Yeah, I kind of figured that the International Campaign for Tibet, while important, probably wouldn't help much with learning math and science.
  9. Apr 3, 2008 #8


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    Well this type of course isn't intended for those who give up very fast on anything, and like the challenge like me.
    I personally learn maths for the sake of maths and physics for its own merit, although there are some conncetions which is best covered in ODE or PDE courses between the two.
    there are also conncetion with discrete maths especially generating functions which are quite common in mathematical physics, or so should i know.
  10. Apr 3, 2008 #9
    I would like to make one correction: ICT is not the same as computer science. Rather, ICT is a subfield of computer science. I don't you will need much ICT for physics as ICT is about setting up and managing information systems for companies (technically, ""the study, design, development, implementation, support or management of computer-based information systems, particularly software applications and computer hardware.").
    Computer science is much broader and much more scientific than ICT. The Wikipedia definition says "Computer science (or computing science) is the study of the theoretical foundations of information and computation and their implementation and application in computer systems.". Computer science is definitely something you will need in physics (almost every physics course offers a class in programming). I see you're Belgian so if you go the KULeuven (where I am right now) to study physics, you will get an introduction to programming.
    If it interests you, you can choose the minor Mathematics during your Physics bachelor at KULeuven. Then, besides the compulsory mathematics courses that every physics student takes, you will have additional maths courses such as advanced algebra, analysis, geometry, fluid dynamics,... During you master, if you choose the track "theoretical physics", you will get even more maths courses.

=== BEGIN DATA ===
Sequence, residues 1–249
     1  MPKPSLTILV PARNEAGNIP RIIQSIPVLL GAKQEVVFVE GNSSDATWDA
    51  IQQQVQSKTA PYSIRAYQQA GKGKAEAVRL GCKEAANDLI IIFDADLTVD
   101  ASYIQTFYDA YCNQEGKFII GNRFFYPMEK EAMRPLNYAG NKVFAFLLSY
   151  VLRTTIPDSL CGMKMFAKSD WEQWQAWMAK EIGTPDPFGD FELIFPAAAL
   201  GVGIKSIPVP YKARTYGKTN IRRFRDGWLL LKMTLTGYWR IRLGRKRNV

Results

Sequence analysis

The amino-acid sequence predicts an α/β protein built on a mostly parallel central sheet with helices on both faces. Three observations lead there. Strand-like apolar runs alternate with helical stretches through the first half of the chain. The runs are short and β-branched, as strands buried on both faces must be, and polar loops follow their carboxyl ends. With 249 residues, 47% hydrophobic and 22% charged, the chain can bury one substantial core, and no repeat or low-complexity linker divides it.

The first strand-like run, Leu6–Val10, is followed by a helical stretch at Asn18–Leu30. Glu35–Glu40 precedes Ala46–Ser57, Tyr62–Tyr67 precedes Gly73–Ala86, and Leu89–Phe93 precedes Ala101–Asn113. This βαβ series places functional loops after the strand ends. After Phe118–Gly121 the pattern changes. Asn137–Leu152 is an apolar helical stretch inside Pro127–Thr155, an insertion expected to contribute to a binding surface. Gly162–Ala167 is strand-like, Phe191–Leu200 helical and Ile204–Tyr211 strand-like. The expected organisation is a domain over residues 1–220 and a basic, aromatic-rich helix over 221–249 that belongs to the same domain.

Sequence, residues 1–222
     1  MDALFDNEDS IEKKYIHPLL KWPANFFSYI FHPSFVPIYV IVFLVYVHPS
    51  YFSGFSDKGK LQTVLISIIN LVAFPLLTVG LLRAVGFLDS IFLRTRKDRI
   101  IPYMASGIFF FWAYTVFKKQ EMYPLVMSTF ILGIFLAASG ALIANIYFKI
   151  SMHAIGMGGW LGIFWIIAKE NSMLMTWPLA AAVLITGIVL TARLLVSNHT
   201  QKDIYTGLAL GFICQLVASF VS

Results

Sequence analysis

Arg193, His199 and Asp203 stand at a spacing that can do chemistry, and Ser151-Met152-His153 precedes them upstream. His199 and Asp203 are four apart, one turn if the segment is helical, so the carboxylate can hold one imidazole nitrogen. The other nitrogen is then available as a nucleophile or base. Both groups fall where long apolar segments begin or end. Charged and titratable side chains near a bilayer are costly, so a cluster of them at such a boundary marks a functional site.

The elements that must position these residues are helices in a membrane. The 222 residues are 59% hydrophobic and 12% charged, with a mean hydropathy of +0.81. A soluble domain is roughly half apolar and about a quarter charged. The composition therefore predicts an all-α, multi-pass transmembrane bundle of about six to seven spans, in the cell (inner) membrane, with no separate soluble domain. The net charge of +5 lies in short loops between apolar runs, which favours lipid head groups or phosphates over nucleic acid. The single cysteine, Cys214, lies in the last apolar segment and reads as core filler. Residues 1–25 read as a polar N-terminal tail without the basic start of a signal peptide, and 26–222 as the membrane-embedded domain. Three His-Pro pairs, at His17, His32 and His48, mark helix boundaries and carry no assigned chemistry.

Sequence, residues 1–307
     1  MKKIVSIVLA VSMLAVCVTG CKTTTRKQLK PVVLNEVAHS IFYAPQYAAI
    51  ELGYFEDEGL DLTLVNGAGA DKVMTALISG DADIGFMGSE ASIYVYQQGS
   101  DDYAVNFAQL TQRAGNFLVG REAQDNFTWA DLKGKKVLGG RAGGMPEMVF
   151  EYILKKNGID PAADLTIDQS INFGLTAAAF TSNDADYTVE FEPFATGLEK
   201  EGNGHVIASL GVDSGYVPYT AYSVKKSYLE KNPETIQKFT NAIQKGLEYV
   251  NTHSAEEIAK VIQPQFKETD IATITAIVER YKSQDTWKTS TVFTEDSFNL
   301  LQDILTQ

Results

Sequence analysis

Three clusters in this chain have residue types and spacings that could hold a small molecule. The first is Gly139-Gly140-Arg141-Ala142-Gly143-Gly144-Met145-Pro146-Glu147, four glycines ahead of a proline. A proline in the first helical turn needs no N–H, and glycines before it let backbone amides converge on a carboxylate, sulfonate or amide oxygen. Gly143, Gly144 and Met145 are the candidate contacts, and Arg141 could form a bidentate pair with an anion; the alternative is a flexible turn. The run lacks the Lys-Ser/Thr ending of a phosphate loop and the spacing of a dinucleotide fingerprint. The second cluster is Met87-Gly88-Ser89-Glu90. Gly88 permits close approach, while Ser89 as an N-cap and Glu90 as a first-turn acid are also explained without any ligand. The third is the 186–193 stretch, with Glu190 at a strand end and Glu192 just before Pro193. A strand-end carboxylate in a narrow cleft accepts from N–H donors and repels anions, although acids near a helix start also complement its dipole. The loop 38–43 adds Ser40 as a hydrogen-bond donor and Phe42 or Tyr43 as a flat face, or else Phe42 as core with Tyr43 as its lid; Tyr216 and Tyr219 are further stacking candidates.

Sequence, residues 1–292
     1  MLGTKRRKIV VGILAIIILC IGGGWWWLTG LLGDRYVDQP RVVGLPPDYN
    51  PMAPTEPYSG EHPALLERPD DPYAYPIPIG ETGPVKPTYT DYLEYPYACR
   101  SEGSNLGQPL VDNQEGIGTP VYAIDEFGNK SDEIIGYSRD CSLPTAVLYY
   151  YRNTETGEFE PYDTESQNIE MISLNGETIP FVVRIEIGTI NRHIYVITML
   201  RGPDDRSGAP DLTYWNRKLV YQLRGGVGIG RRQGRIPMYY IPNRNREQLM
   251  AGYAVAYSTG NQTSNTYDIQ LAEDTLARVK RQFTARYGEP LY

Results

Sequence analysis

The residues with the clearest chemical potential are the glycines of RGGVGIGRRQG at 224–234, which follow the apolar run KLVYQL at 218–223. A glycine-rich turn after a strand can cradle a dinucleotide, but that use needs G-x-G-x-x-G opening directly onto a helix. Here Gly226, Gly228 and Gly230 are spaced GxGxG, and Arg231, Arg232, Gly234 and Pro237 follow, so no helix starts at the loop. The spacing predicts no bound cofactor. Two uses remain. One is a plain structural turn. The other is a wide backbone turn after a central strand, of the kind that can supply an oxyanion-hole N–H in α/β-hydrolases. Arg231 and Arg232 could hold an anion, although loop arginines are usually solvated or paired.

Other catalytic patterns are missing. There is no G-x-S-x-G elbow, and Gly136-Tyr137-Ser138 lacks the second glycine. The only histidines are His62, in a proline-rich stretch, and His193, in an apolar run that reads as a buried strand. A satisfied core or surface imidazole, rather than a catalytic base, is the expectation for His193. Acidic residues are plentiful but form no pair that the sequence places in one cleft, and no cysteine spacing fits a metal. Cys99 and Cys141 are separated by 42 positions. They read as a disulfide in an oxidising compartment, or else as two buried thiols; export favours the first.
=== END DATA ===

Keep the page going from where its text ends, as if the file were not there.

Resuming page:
However, you can also choose to do a bachelor in Mathematics with a minor in Physics. Then, the emphasis will be on Mathematics but you will also be able to choose some physics courses. During your master (in Mathematics) you can then choose the track "mathematical physics".
    It's up to you where you want to put the emphasis on, physics or mathematics.
  11. Apr 3, 2008 #10
    Thanks for the tips yoran.

    But you know, knowing myself I'd probably not be satisfied without knowing both fields into precision...
  12. Apr 3, 2008 #11
    If you are really good, you can double major. That means that you will earn 2 bachelors in 3 years. The first year is "fairly easy" because then both the mathematics and physics students follow the same courses (except one or two). However, in year 2 and 3, the number of shared courses gets very low so then you have approximately twice as much courses as a normal student, and that is a lot. It's possible but it's really hard and almost no one does it. I know someone who is in third year and who does both but it's kind of exceptional cause the guy won the belgian Mathematical Olympiad and won a silver medal at the IMO.